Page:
According to MS-NBC, appointing Hillary Clinton as Secretary of State would cause Barack Obama to violate the Constitution.  Does this mean that the Impeach Obama movement has its smoking gun?  As it turns out, probably not, since other presidents have violated the Constitution in the same way:

If President-elect Barack Obama nominates Hillary Clinton to be secretary of state, many legal scholars believe it would be the former law professor’s first violation of the Constitution as president.

Why? Because the Constitution forbids the appointment of members of Congress to administration jobs if the salary of the job they’d take was raised while they were in Congress. (Article I, Section 6: “No Senator or Representative shall, during the Time for which he was elected, be appointed to any civil office … the Emoluments whereof shall have been encreased during such time.”  Emoluments meaning salaries and benefits.)

Congress voted a salary increase for the Secretary of State while Hillary Clinton served in the Senate.  Technically speaking, no member of Congress in that session would be constitutionally able to serve in any executive appointments.  Picking Hillary would violate one of the original tenets the founders included.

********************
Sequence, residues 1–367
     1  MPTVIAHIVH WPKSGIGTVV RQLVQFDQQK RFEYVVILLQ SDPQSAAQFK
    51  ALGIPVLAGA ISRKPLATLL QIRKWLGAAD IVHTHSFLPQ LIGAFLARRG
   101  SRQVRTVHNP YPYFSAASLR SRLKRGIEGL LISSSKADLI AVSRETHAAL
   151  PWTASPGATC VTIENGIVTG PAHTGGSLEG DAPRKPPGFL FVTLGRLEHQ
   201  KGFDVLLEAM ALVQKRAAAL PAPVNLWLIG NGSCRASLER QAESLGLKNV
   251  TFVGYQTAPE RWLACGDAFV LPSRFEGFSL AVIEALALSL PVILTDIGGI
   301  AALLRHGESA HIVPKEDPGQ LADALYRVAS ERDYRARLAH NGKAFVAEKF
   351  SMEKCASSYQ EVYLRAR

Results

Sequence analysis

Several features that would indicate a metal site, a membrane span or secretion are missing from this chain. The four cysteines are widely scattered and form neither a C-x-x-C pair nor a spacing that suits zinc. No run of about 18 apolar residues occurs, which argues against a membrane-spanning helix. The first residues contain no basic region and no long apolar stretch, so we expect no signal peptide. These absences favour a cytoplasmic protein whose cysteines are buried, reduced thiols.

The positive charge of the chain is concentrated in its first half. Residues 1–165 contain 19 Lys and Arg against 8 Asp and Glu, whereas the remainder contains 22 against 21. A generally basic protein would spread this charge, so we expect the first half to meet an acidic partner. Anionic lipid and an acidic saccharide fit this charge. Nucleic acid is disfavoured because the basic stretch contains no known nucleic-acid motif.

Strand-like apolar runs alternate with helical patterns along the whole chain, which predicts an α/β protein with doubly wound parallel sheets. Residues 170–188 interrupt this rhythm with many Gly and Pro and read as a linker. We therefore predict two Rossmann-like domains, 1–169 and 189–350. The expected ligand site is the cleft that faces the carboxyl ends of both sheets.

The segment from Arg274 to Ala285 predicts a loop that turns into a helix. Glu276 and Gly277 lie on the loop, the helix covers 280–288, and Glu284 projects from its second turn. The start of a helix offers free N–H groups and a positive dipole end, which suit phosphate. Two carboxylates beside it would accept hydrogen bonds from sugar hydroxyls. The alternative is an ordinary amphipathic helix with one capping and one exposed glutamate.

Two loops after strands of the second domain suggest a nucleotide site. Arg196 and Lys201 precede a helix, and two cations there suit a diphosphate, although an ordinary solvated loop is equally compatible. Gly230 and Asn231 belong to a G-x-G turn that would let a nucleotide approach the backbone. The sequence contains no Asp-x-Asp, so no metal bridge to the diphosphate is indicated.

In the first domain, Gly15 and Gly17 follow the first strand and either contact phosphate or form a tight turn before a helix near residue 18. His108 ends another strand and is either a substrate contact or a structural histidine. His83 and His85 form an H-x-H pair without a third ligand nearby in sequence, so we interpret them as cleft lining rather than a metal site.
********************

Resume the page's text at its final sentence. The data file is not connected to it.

However, Obama would be far from the first President to run afoul of this restriction.  Nixon appointed William Saxbe to be Attorney General under similar circumstance, while Jimmy Carter appointed Ed Muskie to the same position Hillary will fill.  Her husband appointed Lloyd Bentsen to run Treasury in the last such instance.  No one ever proposed impeachment or a disqualification for these appointments, all of whom took their offices without much controversy at all.

Still, the intent of the founders is clear, and not something to shrug off so lightly.  They wanted to keep Congress from creating cushy sinecures for them to occupy when a friendly President took office.  The attraction of power, cash, and cronyism would lead to corruption and a permanent political class that would cease answering to the electorate.  The question should get asked, or Congress should amend the Constitution if no one wants to enforce that restriction any longer.

Update: Be sure to read the article I linked.  The so-called Saxbe fix sets the compensation to the point before its raise, which allowed Congress to ignore the Constitutional bar — but that’s not a remedy that meets the clear language of the Constitution itself.  The Saxbe fix would have to appear as an amendment in order to get around the explicit ban on members of Congress serving under those circumstances, and that’s probably not a bad amendment to propose, given everyone’s inclination to ignore the rule.